Family law in Nigeria also known as matrimonial or law of domestic relations is concerned with issues such as jurisdiction, divorce, children, cohabitation, child maintenance, guardianship, and adoption amongst others. Family law consists of a body of statutes and case laws that govern family relationships in Nigeria. Most family proceedings in Nigerian courts are as a result of the dissolution of a marriage, annulment, filing for child custody, separation, alimony, application for guardianship, etc.
In practice, family law is a broad branch of the private field of law and it comprises of the rules that regulate the relationship between spouses, parents, and children and guardians and wards.
The major statutes that guide family law in Nigeria are enunciated below;
The Marriage Act/ the Matrimonial Causes Act 1970– this Act governs matters relating to the dissolution of marriage, custody, and maintenance matters arising from the dissolution of marriage. Part 1 of the Act makes provisions for the jurisdiction, the validity of a marriage, and institution of matrimonial causes proceedings. Part 2 of the Act provides for matrimonial reliefs and dissolution of marriage, nullity of marriage, judicial separation, restitution of conjugal rights, Part 4 of the Act provides for the maintenance, custody, and settlement in proceedings for dissolution of marriage, Part 5 of the Act makes provisions for the effect and recognition of decrees, Part 6 makes provisions for evidence in relation to matrimonial causes, Part 7 deals with the enforcement of decrees of the court and Part 10 deals with miscellaneous matters such as proceedings to be heard by the judge alone, costs, service of court processes and rules of court amongst others.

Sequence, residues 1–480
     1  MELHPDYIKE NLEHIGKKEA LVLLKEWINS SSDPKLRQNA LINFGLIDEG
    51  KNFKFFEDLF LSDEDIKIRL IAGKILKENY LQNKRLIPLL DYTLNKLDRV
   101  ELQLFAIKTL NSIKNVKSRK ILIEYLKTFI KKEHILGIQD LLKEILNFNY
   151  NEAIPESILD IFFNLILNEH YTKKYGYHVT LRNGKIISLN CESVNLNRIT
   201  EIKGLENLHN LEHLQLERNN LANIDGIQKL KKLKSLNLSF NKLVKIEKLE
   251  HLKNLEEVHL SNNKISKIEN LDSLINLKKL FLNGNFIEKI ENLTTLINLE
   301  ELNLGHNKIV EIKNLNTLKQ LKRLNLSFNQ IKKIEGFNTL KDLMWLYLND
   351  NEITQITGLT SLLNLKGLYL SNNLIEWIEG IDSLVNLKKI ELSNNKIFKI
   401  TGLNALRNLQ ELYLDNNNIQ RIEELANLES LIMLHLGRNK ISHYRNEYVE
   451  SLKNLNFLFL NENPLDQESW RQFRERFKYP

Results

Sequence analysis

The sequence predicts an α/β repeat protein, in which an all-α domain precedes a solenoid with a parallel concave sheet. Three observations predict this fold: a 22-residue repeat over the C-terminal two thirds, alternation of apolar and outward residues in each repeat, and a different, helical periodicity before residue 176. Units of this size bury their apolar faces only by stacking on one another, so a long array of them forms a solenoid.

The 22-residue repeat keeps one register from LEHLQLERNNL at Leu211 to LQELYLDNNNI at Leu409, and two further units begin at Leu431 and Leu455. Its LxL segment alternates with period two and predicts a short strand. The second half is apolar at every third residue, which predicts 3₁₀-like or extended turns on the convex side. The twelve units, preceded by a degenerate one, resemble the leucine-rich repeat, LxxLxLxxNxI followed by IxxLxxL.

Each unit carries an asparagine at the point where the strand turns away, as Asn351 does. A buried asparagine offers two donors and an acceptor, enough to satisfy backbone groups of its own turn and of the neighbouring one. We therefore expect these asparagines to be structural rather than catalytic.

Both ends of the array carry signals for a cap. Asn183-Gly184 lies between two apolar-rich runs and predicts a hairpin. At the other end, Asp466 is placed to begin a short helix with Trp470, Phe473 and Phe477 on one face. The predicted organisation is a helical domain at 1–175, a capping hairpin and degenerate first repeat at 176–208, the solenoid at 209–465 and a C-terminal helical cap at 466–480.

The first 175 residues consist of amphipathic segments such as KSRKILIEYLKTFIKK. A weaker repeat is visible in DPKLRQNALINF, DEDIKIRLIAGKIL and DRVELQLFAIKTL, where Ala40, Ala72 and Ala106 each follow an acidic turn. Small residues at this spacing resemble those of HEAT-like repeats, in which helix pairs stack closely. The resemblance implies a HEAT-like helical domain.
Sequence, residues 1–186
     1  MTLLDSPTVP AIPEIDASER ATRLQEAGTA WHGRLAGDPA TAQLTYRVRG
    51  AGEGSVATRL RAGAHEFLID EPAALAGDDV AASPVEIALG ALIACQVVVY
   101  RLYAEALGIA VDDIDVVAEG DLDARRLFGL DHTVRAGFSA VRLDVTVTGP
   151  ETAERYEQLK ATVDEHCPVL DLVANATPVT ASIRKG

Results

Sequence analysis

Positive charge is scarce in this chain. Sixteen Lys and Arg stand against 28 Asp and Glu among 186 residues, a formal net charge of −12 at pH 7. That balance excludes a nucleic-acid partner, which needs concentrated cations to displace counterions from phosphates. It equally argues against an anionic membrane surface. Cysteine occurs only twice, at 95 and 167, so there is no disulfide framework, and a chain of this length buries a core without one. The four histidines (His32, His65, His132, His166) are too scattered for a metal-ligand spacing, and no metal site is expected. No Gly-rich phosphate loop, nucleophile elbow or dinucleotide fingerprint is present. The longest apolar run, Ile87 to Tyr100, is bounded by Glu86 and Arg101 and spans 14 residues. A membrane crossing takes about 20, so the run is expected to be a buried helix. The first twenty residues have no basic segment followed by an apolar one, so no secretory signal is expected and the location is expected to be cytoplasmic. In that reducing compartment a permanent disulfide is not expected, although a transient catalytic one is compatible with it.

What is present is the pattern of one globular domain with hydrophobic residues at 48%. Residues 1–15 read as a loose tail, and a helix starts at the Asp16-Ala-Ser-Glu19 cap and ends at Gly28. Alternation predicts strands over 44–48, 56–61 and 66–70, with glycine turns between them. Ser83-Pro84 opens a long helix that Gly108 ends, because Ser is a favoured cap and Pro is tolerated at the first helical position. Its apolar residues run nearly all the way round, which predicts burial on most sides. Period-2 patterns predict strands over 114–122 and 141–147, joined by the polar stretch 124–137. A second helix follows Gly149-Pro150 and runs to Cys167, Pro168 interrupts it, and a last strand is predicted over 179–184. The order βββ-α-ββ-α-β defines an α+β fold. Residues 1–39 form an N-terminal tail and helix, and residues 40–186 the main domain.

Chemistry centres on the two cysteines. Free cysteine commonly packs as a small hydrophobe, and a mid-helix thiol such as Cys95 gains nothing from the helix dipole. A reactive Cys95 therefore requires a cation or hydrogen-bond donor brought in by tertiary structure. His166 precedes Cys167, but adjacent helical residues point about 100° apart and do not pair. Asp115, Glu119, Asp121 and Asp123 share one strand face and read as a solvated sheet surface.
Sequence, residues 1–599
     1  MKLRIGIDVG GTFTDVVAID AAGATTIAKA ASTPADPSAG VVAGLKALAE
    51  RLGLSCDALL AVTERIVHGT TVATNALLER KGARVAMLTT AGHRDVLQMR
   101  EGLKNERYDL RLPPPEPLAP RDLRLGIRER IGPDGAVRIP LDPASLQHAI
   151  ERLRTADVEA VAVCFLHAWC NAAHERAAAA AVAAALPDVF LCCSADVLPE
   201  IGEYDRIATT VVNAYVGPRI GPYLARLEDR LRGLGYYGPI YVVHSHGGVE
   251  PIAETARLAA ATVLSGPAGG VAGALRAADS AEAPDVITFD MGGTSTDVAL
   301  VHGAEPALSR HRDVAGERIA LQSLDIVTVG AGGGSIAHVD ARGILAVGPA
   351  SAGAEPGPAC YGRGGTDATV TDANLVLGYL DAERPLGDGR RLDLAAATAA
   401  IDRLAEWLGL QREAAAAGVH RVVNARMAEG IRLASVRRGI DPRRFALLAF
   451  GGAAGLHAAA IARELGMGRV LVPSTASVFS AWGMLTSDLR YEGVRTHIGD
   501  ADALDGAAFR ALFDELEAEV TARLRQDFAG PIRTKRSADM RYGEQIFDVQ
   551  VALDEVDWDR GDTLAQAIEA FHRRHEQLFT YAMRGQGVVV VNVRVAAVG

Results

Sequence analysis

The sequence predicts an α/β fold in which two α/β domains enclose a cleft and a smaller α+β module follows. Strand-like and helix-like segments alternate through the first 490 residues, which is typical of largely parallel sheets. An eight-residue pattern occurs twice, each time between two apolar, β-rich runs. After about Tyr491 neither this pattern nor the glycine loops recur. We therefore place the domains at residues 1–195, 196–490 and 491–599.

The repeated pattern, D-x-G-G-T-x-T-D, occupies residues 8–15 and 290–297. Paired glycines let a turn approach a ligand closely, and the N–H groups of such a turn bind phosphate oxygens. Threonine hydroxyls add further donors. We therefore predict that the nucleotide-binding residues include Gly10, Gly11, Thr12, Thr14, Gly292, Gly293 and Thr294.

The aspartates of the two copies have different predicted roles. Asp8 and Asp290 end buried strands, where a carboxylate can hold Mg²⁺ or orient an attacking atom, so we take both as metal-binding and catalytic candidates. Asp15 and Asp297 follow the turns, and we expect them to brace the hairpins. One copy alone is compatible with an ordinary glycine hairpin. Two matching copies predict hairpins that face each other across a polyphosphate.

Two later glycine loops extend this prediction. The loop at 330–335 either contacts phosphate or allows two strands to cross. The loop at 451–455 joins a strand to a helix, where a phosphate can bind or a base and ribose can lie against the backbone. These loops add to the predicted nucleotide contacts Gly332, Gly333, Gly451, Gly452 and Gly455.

The Child Rights Act 2003– this Act was made pursuant to the United Nations Convention on the Rights of the Child and has been adopted in 25 states in the Federation. The Act makes provisions for the welfare and adoption of children. Section 1 of the Act provides that “in every action concerning a child, whether undertaken by an individual, public or private body, institutions or service, court of law or administrative or legislative authority, the best interest of the child shall be the primary consideration”. In relation to adoption Section 129 of the Act provides for the category of persons that can apply to the court for the adoption of children, these are;
- A married couple where both of them have attained the age of 25 years and there is an order authorizing them to adopt a child.
- A married person if he or she has obtained consent from his or her spouse and
- Single persons if he or she has attained the age of 35 years, provided that the child to be adopted is of the same sex as the person adopting.
- In all cases specified above, the adopter or adopters shall be persons found to be suitable to adopt the child in question by the appropriate investigative authorities.
Also, Section 3 of the Act also ensures that the provisions of Chapter IV of the Constitution of the Federal Republic of Nigeria 1999 (as amended) which relates to fundamental human rights shall apply to the Child Rights Act, as every child is entitled to their human rights.